Construction of bridge project itself is tentatively scheduled to begin in Summer 2022 and be complete in summer 2023, according to Fairfax County’s project site.
The bridge will replace the existing at-grade crossing at the site. The project is planned as a measure to improve vehicle, bicycle and pedestrian access near the Wiehle-Reston East Metro Station, which was noted by Reston Metrorail Access Group’s plan.
After a year of cancellations due to the COVID-19 pandemic, Fourth of July fireworks displays will return to Fairfax County.
Lake Fairfax Park will once again host a fireworks display on Saturday, July 3. Fireworks will begin at dark, around 9 p.m., but attendees are encouraged to arrive by 8 p.m. to find a place a park and a spot to watch.
Tickets for the event are now available online for $10 per car and will be $15 on the day of the event. Ticketed entry begins at 10 a.m.
Food trucks will be on the site throughout the day for attendees.
The following day, on July 4, the Town of Herndon will host a free celebratory fireworks display for the public at 9:30 p.m. from the Herndon Centennial Golf Course.
The town’s suggested viewing spots are around the Herndon Community Center and the softball field at Bready Park. The town will have event parking and access to Bready Park starting at 8 p.m., but the park’s turf field will be closed during the event.
Parking will be available at Herndon Middle School, Herndon Community Center, and the municipal parking lot on Center Street. People may also park at the Station Street municipal parking lot and watch the display from the Herndon Municipal Center Town Green.
Cars parked in the Herndon Community Center and Bready Park lots will not be released until the fire marshal and Herndon Police declare the area safe.
Due to the display and parking, traffic in the town may be rerouted beginning at 7:45 p.m.
Herndon’s July 4th Celebration will not have food concessions or other entertainment this year, and spectators in and around the park are encouraged to maintain physical distancing while watching the display.
Pets, alcohol, glass containers, grills or cook stoves, and personal fireworks — including sparklers — are not allowed. For safety reasons, the fire marshal also prohibits any persons on the golf course or in its parking lot from 8:30 to 10:30 p.m.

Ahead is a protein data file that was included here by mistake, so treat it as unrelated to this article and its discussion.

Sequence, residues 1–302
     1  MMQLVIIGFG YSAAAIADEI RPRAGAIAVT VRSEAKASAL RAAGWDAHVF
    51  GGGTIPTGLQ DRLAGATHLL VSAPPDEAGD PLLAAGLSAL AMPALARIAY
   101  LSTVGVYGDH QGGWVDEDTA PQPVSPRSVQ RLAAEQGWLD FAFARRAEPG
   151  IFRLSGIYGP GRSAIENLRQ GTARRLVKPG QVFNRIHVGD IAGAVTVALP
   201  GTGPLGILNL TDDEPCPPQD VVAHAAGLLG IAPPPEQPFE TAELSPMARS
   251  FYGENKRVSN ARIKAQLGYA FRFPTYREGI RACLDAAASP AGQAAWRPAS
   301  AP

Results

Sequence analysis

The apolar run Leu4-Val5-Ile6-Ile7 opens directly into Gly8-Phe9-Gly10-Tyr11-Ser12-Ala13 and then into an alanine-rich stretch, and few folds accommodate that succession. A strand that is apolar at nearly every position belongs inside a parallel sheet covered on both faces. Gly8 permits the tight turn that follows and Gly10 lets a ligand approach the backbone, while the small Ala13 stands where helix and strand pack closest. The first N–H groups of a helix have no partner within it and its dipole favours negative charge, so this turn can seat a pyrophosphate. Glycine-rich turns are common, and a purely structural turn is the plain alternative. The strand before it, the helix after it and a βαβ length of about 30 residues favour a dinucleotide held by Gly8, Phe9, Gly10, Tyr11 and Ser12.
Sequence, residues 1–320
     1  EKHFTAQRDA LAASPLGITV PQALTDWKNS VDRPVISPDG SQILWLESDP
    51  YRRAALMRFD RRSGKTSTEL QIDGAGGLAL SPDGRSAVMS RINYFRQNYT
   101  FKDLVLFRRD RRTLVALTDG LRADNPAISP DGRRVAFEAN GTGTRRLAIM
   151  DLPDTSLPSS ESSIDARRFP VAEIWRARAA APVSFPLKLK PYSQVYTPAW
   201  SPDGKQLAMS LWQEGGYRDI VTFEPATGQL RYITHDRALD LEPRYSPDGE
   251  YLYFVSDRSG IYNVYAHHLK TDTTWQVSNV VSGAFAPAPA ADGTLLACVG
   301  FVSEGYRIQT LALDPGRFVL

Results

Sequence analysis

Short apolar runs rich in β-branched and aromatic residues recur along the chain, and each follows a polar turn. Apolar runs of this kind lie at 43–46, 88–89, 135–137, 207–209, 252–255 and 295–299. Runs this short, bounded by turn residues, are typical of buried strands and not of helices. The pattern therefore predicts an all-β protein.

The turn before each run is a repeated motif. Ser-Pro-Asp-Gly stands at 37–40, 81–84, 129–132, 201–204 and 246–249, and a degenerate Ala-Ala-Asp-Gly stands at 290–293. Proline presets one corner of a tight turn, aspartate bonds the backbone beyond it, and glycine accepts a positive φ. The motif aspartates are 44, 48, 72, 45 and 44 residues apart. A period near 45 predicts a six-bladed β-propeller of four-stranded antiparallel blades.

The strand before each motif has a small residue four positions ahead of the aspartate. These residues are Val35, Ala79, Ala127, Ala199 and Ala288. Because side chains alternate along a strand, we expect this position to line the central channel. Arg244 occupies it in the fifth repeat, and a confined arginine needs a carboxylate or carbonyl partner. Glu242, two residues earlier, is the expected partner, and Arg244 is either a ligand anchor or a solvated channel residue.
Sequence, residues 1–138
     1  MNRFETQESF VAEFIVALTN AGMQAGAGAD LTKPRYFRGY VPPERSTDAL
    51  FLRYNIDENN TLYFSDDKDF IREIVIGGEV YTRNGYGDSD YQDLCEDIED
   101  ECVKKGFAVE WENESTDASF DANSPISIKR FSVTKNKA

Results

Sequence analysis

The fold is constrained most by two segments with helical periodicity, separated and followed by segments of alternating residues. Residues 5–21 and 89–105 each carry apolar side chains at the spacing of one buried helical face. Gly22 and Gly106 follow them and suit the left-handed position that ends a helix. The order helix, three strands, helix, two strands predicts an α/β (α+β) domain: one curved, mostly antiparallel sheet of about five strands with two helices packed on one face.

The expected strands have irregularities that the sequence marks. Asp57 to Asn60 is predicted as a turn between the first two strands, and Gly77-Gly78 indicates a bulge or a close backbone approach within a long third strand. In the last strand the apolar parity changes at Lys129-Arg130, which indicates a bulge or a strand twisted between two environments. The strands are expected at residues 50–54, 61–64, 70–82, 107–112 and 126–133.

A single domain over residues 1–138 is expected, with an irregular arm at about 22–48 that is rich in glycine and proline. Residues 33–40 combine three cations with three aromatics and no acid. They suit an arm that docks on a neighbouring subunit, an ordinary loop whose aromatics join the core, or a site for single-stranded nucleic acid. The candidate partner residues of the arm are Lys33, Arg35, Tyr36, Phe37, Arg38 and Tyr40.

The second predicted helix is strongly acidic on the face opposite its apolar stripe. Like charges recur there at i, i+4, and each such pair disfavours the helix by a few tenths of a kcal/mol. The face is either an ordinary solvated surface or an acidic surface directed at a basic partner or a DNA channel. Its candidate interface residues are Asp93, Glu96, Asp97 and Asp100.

Construction on improvements to the intersection of Elden and Center streets is now underway.
The Town of Herndon held a groundbreaking ceremony yesterday (Monday) to celebrate the initial steps of the project, which will realign the intersection, provide a new traffic signal, and add a turn lane.
“The two primary goals of the project is to signalize the intersection and to align the roadway on both sides of the road,” Richard Smith, a senior civil engineer for the town’s Department of Public Works, said. “And we’re accomplishing that by adding a right through turn lane on the south side of the intersection.”
The project also entails upgrades to the existing storm drain system and enhancements to the intersection’s pedestrian facilities, including improved crosswalks and new ADA signals. It is being coordinated with Comstock’s plans to redevelop downtown Herndon, which will encompass 4.7 acres adjacent to the Elden-Center street intersection.
Smith said there will undoubtedly some interruption to traffic during construction, but the town will do its “best to minimize any of those impacts and advertise those the best we can.”
The town council awarded a contract for the project on May 11 to Fort Meyer Construction Corporation with a low bid of $863,000 from five bids submitted.
Up to 50% of the construction contract will be covered by reimbursement funds through a revenue-sharing agreement between Herndon and the Virginia Department of Transportation. The costs not supported by the revenue-sharing agreement will come from local funds from the Northern Virginia Transportation Authority.